It was the culmination of the March on Washington for Jobs and Freedom.
The march made specific demands (according to Wikipedia): “an end to racial segregation in public school; meaningful civil rights legislation, including a law prohibiting racial discrimination in employment; protection of civil rights workers from police brutality; a $2 minimum wage for all workers; and self-government for the District of Columbia, then governed by congressional committee.”
“More than a quarter of a million people of diverse ethnicities attended the event, sprawling from the steps of the Lincoln Memorial onto the National Mall and around the reflecting pool. At the time, it was the largest gathering of protesters in Washington's history. King's I Have a Dream speech electrified the crowd. It is regarded, along with Abraham Lincoln's Gettysburg Address, as one of the finest speeches in the history of American oratory. President Kennedy, himself opposed to the march, met King afterwards with enthusiasm - repeating King's line back to him; "I have a dream", while nodding with approval.”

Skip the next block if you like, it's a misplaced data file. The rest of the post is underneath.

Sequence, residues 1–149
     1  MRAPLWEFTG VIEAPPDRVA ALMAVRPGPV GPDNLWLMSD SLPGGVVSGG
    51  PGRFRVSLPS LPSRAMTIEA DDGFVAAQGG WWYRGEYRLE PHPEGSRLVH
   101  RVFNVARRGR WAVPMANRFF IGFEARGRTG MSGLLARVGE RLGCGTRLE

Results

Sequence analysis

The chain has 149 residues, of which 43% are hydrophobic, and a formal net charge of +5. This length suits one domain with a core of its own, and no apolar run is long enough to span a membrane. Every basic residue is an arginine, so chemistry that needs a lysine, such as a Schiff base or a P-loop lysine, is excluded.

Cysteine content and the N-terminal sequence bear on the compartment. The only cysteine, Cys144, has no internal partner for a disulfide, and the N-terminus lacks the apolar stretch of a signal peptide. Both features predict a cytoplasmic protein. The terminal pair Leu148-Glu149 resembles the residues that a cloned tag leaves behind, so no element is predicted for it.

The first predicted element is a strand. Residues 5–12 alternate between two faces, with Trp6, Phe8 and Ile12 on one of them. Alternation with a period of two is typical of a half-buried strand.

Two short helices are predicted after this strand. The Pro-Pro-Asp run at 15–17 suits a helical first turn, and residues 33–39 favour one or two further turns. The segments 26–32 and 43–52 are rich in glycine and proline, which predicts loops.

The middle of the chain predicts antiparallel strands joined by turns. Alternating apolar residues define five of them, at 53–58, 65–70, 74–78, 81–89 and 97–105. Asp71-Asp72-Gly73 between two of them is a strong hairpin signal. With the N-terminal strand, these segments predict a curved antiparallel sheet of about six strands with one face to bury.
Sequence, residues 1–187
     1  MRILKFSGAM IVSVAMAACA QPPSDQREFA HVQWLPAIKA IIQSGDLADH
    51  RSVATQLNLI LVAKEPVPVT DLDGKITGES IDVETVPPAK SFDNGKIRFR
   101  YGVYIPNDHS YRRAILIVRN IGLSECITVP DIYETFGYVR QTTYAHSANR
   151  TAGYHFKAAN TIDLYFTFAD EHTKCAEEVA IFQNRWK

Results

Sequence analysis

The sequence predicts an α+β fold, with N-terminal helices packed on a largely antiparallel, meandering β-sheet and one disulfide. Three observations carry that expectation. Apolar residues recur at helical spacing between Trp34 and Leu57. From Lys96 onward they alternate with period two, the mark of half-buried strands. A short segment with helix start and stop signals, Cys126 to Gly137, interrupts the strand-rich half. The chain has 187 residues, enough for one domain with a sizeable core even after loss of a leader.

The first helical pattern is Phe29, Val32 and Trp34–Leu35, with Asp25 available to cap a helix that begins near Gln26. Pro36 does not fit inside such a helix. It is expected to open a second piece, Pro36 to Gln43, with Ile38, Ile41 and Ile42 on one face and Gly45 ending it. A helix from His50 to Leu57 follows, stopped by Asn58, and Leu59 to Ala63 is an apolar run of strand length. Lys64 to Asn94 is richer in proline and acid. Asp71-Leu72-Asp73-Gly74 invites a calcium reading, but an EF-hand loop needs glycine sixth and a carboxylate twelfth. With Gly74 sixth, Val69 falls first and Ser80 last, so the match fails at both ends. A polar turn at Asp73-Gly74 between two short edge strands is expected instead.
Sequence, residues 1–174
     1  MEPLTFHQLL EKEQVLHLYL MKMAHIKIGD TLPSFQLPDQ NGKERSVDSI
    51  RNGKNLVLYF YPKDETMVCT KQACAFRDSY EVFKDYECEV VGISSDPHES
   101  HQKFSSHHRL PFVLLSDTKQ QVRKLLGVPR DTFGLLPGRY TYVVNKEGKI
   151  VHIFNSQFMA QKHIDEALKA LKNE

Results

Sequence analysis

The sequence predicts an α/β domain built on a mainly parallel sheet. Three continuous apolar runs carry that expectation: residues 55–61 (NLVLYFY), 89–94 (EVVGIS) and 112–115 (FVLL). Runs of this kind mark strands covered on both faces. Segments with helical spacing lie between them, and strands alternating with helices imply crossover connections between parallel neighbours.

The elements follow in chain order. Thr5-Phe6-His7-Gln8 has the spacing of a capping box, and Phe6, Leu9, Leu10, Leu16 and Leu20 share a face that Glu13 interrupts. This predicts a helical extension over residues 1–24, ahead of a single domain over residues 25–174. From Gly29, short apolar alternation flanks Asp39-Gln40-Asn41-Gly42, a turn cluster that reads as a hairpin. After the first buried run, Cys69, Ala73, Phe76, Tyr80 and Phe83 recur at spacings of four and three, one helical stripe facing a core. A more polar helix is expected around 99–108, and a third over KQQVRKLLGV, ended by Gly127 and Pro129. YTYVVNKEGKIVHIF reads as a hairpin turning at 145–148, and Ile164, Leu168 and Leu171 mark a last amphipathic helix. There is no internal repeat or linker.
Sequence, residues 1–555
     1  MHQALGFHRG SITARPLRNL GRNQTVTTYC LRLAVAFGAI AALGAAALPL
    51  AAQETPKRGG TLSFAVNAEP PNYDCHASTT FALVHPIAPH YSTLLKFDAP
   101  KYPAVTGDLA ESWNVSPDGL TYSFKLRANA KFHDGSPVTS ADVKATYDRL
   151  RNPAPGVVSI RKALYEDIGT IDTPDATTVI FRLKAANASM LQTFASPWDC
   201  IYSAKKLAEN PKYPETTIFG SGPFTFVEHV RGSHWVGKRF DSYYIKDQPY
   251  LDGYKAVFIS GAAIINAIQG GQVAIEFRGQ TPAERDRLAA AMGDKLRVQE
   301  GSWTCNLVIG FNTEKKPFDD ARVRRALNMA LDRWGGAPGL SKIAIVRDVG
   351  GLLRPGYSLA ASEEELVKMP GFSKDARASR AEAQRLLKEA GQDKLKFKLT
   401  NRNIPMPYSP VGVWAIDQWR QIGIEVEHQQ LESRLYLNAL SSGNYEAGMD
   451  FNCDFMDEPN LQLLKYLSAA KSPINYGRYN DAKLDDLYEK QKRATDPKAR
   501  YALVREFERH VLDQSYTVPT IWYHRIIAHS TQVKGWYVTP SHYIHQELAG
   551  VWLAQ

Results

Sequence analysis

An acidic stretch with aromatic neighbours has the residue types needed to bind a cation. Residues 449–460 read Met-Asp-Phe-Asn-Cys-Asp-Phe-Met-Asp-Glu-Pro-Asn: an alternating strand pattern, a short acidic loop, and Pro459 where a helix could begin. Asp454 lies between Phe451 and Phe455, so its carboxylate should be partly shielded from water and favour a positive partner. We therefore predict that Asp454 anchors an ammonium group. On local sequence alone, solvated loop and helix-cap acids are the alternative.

Michael O. Emerson and Christian Smith wrote the must read book on racism in our contemporary world (Divided by Faith: Evangelical Religion and the Problem of Race in America). It shows how evangelical Christians have failed miserably to move our nation away from racialization.
You can read an excerpt of the book here. This short article is required reeading for the students in my Ethics class.
technorati: spiritual formation, social action